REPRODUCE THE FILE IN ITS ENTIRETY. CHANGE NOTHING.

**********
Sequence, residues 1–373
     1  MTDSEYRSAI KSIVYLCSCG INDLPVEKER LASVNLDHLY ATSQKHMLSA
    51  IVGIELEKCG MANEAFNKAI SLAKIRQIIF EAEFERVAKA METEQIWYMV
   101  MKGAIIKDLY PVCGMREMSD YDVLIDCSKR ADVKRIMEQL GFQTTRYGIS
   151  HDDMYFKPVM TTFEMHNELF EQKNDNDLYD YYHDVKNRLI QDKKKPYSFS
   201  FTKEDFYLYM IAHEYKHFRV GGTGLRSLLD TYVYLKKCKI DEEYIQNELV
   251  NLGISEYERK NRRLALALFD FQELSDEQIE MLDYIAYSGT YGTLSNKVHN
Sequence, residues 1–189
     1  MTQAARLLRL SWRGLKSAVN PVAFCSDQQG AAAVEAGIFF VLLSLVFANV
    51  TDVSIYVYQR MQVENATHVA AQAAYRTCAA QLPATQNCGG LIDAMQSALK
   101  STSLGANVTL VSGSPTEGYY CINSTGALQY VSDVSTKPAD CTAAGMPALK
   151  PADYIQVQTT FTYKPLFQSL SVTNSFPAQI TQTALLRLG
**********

Sequence, residues 1–373
     1  MTDSEYRSAI KSIVYLCSCG INDLPVEKER LASVNLDHLY ATSQKHMLSA
    51  IVGIELEKCG MANEAFNKAI SLAKIRQIIF EAEFERVAKA METEQIWYMV
   101  MKGAIIKDLY PVCGMREMSD YDVLIDCSKR ADVKRIMEQL GFQTTRYGIS
   151  HDDMYFKPVM TTFEMHNELF EQKNDNDLYD YYHDVKNRLI QDKKKPYSFS
   201  FTKEDFYLYM IAHEYKHFRV GGTGLRSLLD TYVYLKKCKI DEEYIQNELV
   251  NLGISEYERK NRRLALALFD FQELSDEQIE MLDYIAYSGT YGTLSNKVHN
Sequence, residues 1–189
     1  MTQAARLLRL SWRGLKSAVN PVAFCSDQQG AAAVEAGIFF VLLSLVFANV
    51  TDVSIYVYQR MQVENATHVA AQAAYRTCAA QLPATQNCGG LIDAMQSALK
   101  STSLGANVTL VSGSPTEGYY CINSTGALQY VSDVSTKPAD CTAAGMPALK
   151  PADYIQVQTT FTYKPLFQSL SVTNSFPAQI TQTALLRLG